Vision 2019 | Philanthropy organizations support projects that make the community healthier, stronger, more vibrant

Johnstown philanthropic leaders (from left) Mike Kane, Susan Mann, Don Gardill and Bill McKinney meet in Johnstown’s Central Park on Jan. 16, 2019.

Mike Kane, Bill McKinney, Susan Mann and Don Gardill periodically meet in what they call an informal collaborative philanthropy group.

Together, the executives of four local grant-awarding organizations – Community Foundation for the Alleghenies, United Way of the Laurel Highlands, 1889 Foundation and Lee Initiatives Inc. – brainstorm about ways they can positively impact the community.

“Collectively, we can do a lot more than just simply doing things on our own,” Mann, president of the 1889 Foundation, said when the four leaders met for an interview last month at Press bistro in downtown Johnstown.

For example, the Community Foundation helps individuals and organizations establish funds and handles the donation collection process for nonprofits, including the Cambria County Library System, Friends of Johnstown Flood National Memorial, Greater Johnstown Community YMCA and Stonycreek/Conemaugh River Improvement Project.

CFA has put more than $4 million in grant funding into the city of Johnstown alone over the past three years. In 2018, 5,558 donors combined to contribute $10.8 million in gifts, which enabled the organization to provide $6.3 million in grants to 366 nonprofits and $805,000 in scholarships to 379 students throughout Cambria, Somerset, Indiana and Bedford counties.

“We talk in our office that we’re privileged because we get to work for a mission,” said Kane, executive director of the Community Foundation for the Alleghenies. “That mission – in service with our donors – is improving the community and making the community better. When you do get the thank-you notes, when you do go see a project that got completed and is working well and it’s empowering kids, or it’s helping to change a neighborhood or what have you, it’s really great because philanthropy is unique.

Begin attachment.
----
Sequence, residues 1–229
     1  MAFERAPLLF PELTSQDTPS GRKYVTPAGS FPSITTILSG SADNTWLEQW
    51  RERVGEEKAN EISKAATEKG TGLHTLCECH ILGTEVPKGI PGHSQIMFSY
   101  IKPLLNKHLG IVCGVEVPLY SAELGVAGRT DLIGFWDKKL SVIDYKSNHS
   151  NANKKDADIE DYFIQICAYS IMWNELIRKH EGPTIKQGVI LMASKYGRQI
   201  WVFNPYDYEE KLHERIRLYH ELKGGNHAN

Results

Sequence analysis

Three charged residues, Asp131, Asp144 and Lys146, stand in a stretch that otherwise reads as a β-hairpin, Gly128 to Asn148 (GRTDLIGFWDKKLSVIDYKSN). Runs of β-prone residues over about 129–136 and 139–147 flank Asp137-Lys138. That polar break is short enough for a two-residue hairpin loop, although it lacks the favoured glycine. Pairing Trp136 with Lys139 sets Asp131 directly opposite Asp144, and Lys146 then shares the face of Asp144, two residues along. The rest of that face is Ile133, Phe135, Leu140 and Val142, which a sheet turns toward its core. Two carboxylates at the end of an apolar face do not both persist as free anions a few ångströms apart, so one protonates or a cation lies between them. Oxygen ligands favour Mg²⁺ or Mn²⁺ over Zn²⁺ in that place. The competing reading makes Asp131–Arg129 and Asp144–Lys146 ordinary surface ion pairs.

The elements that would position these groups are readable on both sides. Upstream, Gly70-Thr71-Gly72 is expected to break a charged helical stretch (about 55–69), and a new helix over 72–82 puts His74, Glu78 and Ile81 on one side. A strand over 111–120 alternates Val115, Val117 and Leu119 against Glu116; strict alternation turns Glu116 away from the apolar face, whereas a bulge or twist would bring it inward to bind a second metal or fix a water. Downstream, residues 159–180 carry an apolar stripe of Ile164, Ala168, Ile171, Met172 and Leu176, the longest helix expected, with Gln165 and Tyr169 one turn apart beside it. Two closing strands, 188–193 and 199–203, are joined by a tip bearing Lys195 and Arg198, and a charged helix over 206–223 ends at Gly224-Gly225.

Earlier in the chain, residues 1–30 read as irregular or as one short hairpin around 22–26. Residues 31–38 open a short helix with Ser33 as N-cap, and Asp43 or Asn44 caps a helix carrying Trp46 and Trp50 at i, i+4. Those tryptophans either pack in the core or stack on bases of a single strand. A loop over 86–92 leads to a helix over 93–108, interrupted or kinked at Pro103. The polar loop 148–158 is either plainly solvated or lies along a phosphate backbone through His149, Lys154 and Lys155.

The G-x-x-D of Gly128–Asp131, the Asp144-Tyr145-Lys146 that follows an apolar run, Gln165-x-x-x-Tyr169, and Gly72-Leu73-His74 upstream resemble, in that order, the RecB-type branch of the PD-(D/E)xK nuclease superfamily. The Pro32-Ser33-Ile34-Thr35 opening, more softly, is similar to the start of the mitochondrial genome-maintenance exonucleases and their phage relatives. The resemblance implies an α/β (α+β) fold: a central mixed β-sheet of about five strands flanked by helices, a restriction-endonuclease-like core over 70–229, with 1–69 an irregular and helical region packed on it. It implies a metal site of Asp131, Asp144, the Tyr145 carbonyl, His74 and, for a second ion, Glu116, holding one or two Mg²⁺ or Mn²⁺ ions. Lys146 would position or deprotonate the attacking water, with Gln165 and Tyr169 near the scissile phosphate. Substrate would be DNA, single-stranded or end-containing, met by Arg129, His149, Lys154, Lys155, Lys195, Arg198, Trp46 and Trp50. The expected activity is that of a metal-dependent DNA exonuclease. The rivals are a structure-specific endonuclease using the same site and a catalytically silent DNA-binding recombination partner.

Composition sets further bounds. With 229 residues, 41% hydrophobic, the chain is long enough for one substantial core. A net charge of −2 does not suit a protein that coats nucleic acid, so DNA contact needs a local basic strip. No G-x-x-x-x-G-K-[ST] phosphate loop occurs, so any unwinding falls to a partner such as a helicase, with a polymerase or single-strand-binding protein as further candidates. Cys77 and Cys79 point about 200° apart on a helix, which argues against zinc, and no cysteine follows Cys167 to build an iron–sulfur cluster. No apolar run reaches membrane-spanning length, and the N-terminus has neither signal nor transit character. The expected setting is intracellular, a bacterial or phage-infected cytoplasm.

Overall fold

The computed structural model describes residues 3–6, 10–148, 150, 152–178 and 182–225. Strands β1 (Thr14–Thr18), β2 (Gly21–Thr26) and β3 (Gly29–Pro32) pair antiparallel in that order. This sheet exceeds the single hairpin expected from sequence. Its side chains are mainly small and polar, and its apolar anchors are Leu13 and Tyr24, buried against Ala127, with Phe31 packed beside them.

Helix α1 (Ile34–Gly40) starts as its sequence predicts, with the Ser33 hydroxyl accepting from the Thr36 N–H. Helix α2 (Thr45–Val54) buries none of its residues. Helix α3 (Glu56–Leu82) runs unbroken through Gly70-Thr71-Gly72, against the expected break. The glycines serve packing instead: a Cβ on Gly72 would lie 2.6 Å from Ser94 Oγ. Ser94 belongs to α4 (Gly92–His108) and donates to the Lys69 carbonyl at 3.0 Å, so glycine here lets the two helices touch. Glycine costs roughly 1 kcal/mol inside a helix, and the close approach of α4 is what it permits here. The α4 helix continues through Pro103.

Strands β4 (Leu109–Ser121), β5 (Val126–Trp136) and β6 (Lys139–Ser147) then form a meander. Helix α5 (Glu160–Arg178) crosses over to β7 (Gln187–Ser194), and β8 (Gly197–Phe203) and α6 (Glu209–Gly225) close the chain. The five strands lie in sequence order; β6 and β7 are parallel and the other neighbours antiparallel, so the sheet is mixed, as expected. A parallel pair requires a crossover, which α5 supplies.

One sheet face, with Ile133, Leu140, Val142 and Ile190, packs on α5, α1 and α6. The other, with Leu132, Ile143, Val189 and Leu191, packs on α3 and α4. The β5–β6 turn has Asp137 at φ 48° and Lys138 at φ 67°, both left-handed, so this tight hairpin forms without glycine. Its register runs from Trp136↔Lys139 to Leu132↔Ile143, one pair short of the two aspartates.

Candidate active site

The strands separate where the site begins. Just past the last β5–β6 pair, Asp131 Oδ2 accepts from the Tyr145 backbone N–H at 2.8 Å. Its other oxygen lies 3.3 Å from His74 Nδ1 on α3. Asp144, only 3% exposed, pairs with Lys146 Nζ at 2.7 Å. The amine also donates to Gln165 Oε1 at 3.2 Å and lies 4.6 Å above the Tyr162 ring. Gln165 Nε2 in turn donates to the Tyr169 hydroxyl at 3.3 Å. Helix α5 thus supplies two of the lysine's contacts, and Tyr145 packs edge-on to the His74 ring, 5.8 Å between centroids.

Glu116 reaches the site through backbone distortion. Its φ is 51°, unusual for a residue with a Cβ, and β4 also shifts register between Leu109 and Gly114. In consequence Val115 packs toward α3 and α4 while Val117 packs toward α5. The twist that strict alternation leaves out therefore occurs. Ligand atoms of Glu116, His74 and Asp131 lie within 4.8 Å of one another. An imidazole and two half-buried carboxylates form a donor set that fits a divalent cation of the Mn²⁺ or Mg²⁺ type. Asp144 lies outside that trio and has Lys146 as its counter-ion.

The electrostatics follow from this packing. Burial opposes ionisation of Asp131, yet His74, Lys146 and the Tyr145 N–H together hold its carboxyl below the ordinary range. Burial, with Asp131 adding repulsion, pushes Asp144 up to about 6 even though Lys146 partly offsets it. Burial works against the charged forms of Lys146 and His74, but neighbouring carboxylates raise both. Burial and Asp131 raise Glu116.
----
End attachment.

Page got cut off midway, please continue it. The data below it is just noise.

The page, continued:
“Philanthropic dollars are dollars the community gets to use. It’s not like public money. It’s not like private investment. It’s a really different animal in terms of trying to enable a community to provide for itself.”

Lee Initiatives Health and Wellness Endowment was established in 2005 to improve the health and well-being of area residents and perpetuate the legacy of the former Lee Hospital. It has, since then, awarded approximately 300 grants worth $6 million combined.

Gardill, chief executive officer, said Lee Initiatives now awards about $750,000 in grants and $50,000 in scholarships per yer.

“The thing I like about it, we get plaques from our recipients of grants,” Gardill said. “They send us letters. All those things just tell me how much it means that we’re in the community and we can help them out in their needs. That’s what we’re all about, helping out people, making their lives better with whatever we can do for them.”

United Way of the Laurel Highlands and 1889 Foundation have developed an interconnected relationship in recent years. Together, they laid the groundwork for the formation of the Cambria County Drug Coalition.

Since 2015, the 1889 Foundation has provided a dollar-for-dollar grant for the first $500,000 the United Way raises during its annual fund drive, which has brought in more than $1 million annually every year for a decade.

The local United Way chapter then uses the money to provide grants to partner agencies – such as Alternative Community Resource Program, Beginnings Inc. and Twin Lakes Center/Somerset Country Drug-Free Communities – that work to address the UWLH’s core issues of early childhood development, parental engagement, and drug and alcohol abuse prevention, along with basic human needs. 

The core issues were determined by a community needs assessment.

“The United Way’s involvement has really changed dramatically over the past 10 years, because of that foundation laid by the community needs assessment and the community impact process that came about because of that,” McKinney, UWLH’s president, said.

What is now the 1889 Foundation was originally established in 1993 as Conemaugh Health Foundation, the philanthropic arm of Conemaugh Health System. After Duke LifePoint Healthcare purchased Conemaugh, making it a for-profit organization, the philanthropic group was re-established as the 1889 Foundation in 2015.

Since then, the foundation has formed the 1889 Jefferson Center for Population Health with a $7.5 million, five-year gift in 2016 and has collaborated with the United Way, Cambria City Cultural Partnership and Pennsylvania Rural Arts Alliance.

“It’s hard to put words to how rewarding it truly is to not only impact and change the lives of individuals on a regular basis, but for the donors, what reward they get by being able to see what they’re able to do,” Mann said. “That’s just amazing.”

Dave Sutor is a reporter for The Tribune-Democrat. He can be reached at (814) 532-5056. Follow him on Twitter @Dave_Sutor.

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